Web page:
Offshore, and to a lesser degree here, during the 1990s there has grown a body of seriously scholarly Mahy studies and accolades, as readers of the by-no-means exhaustive bibliographies in my book will be aware. For example, British academic Peter Hunt, the first children’s literature specialist to win a full professorship in a major university, rates Margaret as an phenomenon in international publishing and one of his 38 all-time great writers in English in the last two centuries, alongside such names Lewis Carroll, AA Milne, Beatrix Potter, Rudyard Kipling, Kenneth Graham, Roald Dahl, CS Lewis, Dr Seuss, Philip Pullman, L.M. Montgomery, Dr Seuss, Philip Pullman and J.K. Rowling.
More recently there’s been Elizabeth Hale, the Kiwi expatriate editor of the first scholarly book on Margaret’s work, Marvellous Codes, who finds it ‘pleasingly appropriate’ that a writer ‘working in such traditionally marginalised, or non-canonical, genres as children’s and young adults’ literature, and fantasy literature, to say nothing of her consistent representation of marginalised people such as single parents and the elderly, should be one of the foremost writers of a national marginalised by its size, population and location.
‘ Mahy is not wholly a realist, she does not write canonical forms, she does not write the Great New Zealand novel, and she does not place New Zealand-ness front and centre to her writing, having deliberately set her sights on an international marketplace. But in writing within marginalised, rather than central forms, she has been increasingly successful and I think, has been instrumental in reframing the possibilities of this country: bringing a kind of wild magic into New Zealand writing, blending European, Maori and other literary traditions into her work.’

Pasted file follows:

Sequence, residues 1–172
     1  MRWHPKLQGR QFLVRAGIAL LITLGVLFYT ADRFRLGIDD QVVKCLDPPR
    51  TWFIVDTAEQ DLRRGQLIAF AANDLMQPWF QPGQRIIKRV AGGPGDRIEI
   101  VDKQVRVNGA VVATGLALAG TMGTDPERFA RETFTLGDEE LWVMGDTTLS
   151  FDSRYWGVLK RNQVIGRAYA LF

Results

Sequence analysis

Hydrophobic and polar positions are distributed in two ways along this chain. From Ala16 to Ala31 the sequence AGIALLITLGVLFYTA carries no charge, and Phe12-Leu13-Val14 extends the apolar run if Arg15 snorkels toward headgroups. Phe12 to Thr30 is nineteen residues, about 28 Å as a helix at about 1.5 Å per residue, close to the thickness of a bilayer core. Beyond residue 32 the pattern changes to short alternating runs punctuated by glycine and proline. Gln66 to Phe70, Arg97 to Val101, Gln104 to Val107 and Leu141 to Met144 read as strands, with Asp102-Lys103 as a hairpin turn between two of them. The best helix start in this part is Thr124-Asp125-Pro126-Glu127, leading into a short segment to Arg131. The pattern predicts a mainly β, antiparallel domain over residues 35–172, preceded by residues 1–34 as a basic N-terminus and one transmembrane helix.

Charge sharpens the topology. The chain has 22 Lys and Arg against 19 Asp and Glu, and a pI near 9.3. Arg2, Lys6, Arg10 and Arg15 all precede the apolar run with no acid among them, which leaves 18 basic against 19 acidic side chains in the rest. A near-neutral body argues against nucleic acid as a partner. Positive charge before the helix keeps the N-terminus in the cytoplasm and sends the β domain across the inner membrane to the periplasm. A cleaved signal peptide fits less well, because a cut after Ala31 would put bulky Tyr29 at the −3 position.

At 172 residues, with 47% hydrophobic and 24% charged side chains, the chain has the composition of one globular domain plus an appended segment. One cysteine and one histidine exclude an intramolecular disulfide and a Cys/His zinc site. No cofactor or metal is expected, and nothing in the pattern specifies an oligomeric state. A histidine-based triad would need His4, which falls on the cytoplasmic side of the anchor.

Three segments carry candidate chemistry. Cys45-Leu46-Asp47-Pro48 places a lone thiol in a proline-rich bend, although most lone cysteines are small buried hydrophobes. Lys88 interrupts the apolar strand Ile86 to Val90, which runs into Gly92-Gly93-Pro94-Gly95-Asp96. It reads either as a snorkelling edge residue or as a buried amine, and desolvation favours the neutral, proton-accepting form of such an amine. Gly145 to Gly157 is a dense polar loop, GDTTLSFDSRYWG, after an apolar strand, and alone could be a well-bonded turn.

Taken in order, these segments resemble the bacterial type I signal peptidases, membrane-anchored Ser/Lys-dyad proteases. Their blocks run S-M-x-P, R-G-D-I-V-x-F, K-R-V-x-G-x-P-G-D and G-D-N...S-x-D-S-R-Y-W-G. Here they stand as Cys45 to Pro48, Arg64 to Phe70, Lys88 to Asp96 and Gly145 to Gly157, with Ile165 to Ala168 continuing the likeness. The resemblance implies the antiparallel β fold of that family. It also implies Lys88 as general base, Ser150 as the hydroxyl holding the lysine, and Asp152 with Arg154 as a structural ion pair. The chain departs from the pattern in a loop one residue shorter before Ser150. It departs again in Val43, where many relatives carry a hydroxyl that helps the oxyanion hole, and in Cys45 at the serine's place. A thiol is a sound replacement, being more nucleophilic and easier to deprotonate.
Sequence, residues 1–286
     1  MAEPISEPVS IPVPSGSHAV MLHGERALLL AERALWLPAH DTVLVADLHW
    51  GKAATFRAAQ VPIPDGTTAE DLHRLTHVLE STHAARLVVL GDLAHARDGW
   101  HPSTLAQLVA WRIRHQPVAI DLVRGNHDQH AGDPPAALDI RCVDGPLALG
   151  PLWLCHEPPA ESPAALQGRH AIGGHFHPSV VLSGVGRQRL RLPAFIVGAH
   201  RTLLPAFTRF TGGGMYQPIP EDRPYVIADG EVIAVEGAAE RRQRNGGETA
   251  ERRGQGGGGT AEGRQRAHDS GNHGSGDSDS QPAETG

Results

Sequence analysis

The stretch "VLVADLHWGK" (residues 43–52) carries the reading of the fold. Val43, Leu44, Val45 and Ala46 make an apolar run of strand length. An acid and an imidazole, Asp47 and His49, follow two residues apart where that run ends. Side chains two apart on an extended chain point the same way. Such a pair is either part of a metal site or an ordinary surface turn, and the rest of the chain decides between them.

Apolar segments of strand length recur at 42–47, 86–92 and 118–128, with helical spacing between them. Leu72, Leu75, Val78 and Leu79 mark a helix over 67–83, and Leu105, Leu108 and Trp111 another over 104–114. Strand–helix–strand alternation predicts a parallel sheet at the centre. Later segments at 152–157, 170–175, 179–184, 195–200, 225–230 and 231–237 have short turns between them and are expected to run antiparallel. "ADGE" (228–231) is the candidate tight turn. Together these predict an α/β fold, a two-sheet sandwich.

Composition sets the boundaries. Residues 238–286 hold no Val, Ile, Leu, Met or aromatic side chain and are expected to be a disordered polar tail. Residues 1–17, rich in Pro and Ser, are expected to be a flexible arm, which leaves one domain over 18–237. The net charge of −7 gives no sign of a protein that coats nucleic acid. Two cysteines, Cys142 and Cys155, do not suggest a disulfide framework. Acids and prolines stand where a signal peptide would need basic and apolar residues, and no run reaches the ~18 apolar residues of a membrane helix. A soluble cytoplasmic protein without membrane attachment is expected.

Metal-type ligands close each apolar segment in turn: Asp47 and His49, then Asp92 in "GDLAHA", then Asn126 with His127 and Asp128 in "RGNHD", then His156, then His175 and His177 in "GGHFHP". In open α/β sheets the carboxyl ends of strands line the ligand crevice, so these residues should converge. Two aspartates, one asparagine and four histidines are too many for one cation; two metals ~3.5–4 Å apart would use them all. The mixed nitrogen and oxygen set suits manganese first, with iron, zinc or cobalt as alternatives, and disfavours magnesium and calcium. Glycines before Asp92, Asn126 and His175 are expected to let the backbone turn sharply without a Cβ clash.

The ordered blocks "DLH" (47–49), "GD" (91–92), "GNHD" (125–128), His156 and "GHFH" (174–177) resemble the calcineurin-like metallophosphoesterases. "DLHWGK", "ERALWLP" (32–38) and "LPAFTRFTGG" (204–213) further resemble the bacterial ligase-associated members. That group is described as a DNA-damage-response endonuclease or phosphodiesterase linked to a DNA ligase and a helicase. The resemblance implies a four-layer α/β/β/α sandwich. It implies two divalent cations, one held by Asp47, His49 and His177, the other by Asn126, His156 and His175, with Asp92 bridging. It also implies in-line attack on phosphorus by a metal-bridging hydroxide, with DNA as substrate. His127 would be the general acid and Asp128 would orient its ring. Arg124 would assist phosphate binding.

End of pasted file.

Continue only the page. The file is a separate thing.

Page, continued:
It was gratifying to read in a Weekend Herald and other publications of last December summing up achievements for 2005, that for Margaret Mahy (clearly not just a national taonga whose work happens to be immensely popular elsewhere) this had been a brilliant year of quote ‘long-overdue returns.’
There’d been a second honorary doctorate and a New Zealand Icon award from the Arts Foundation, the Canadian Children’s Literature Association Phoenix award for The Catalogue of the Universe, and just before Christmas, the New Zealand biggie, the Prime Minister’s Award for Fiction, the third recipient after Janet Frame and Maurice Gee.
Two more novels, Maddigan’s Quest and Kaitangata Twitch had been published, the TV series of Maddigan’s Quest was soon to be screened. Into 2006, a seventh grandchild had arrived, work was proceeding on the epic fantasy provisionally called The Magician of Hoad and probably other stories, short and long, and possibly even poetry and TV projects no-one yet knows about.
Down the Back of the Chair, brilliantly illustrated by Polly Dunbar, was published in March, to universal acclaim and laughter. In the same month, Storylines held a 70th birthday Gala Dinner in Auckland attended by 200 people, a glittering event people are still talking about; two weeks later the Hans Christian Andersen jury delivered their verdict.
And around the country other birthday events are being held, like this one for adults, and others in schools and libraries involving children.
In September Dr Libby Limbrick, chair of the Storylines Trust and I anticipate the great honour and pleasure of escorting Margaret to Macau for the Wold Congress where she will receive the Hans Christian Andersen Medal 2006, and then go on for four extra days in Beijing where at a large school and an English language bookshop we shall watch her with Chinese children typical of young readers all over the world: entertained, astonished, bewitched.
The final words spoken at the Gala Dinner were Margaret’s, as they were in A Writer’s Life, and I think it fitting the same words should be here also be my last.
I find it interesting that Margaret wrote this jewel when she was only around 35. It was a little gem then; now it is magnificent. Back in 1973 she introduced it to a conference of teachers thus:
[Extract (text and MM poem When I am old) from last page of Margaret Mahy : a Writer’s Life.]
Margaret, for these and all your millions of wise and wonderful words, for being wonderful you – thank you!